Today I made my way into the old part of Guiyang to hear a personal concert of Guqin music by one Guqin Master Wu. The Guqin (where the ‘q’ is pronounced more like ‘tsch’ than ‘kwe’) is a 7-stringed Chinese instrument, a bit like a zither, and its strings are traditionally made of silk. Much of Guqin music was created by scholars thousands of years ago and the instrument is linked to other ancient elements of Chinese culture such as calligraphy, Zen Buddhism and the tea ceremony. When we entered the idyllic courtyard, surrounded by ornate and quiet buildings and filled with trees and singing birds, I immediately felt a sense of calm- and sure enough, the Guqin, with its tranquil unobtrusive timbre and volume, was played in order to support and provide a background for contemplation and scholarly pursuits. The sense of tranquility seemed to chime with what I’d thought were Japanese values- and tea ceremonies I’d also tended to associate with Japan. But Kerun told me these traditions in fact originated in China.
Then, under the trees, Master Wu performed for us.
The following piece, Flowing Water, part of a longer whole, High Mountain, Flowing Water, is based on the legendary friendship between Guqin master, Yu Boya, and Zhong Ziqi, his rustic woodsman friend. Master Wu explained that all Guqin pieces have titles which set a scene or evoke an atmosphere in some way. And different playing techniques are designed to symbolise different things- harmonics or overtones, the sky; full string plucks, the earth; and glissandi or ‘bent’ notes, the human voice.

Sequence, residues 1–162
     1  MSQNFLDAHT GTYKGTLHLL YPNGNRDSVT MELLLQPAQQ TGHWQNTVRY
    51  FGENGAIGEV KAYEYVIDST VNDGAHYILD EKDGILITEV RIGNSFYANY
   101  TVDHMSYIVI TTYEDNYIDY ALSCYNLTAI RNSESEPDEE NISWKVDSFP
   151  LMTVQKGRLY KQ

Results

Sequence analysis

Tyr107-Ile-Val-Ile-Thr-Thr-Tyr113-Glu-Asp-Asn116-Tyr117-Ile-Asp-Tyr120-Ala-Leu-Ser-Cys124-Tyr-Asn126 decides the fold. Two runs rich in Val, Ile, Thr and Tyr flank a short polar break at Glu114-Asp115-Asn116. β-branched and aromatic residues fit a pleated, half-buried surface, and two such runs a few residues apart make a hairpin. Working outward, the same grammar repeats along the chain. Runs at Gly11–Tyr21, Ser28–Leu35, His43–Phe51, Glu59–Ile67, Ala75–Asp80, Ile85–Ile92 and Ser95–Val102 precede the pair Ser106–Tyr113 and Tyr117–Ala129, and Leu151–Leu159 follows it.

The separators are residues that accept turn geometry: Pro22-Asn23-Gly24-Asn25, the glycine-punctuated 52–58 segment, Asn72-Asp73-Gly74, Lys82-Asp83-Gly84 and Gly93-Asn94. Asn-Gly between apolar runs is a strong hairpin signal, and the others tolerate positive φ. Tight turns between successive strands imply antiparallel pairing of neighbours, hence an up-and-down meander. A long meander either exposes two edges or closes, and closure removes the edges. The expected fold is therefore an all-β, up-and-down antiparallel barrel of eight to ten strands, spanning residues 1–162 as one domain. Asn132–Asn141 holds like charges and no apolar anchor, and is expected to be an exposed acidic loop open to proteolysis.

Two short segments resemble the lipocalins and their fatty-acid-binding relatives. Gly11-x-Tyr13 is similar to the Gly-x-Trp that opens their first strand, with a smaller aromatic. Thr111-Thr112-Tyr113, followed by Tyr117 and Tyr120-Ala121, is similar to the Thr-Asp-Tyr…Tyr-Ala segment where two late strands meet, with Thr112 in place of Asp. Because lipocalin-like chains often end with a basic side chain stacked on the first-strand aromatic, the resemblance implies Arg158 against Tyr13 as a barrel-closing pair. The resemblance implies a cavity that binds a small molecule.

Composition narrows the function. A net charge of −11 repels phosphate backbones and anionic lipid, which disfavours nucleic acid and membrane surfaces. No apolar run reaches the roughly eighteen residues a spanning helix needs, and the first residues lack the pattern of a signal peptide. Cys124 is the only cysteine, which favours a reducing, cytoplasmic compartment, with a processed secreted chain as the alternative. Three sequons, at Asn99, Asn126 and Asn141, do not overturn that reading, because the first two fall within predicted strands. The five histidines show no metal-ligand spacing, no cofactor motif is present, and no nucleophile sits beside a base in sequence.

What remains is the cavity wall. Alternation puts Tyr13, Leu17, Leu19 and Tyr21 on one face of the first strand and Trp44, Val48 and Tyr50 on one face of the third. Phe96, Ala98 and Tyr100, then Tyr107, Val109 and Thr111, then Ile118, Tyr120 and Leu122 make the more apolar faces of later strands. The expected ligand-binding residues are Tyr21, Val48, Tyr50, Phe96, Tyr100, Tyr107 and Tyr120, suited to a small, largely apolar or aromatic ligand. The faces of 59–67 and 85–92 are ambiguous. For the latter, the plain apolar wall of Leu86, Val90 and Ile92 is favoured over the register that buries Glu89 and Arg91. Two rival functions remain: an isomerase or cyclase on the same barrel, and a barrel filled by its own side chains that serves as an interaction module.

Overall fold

The Guqin is sometimes played with other quieter instruments. It is also used to accompany songs or settings of literature, as in the following example:
After he’d played, Master Wu showed us a book of Guqin hand positions and gestures, and Guqin notation which is made up of Guqin-specific Chinese characters. Some parts of a character mean to pluck the string backwards, others mean to flick it forwards with the top of the nail, others still mean to play more than one string at once, and so on. There is nothing in the notation to indicate rhythm or phrasing, so there is space for performers to interpret- or in some way improvise through- the ancient scores.
And then happily for me, I got to have a go on the Guqin for myself- guided by one of Master Wu’s students, who also performed for us.
Leaving Master Wu and his students in the peaceful courtyard, Kerun and I headed out in bustling Guiyang old town. It felt good to soak up a bit of the everyday and to orientate myself in the city a little more.
In a shopping district in the west of the city- the Shi Xi Road area- we came upon a great example of Chinese people’s love for technology: an interactive street video game triggered by motion sensors. People young and old were playing it all the way up the street. I particularly enjoyed the older woman having a good ol’ game of virtual ten-pin bowling!
We rounded the day off with an obligatory cup of bubble tea before making our way home under the setting sun.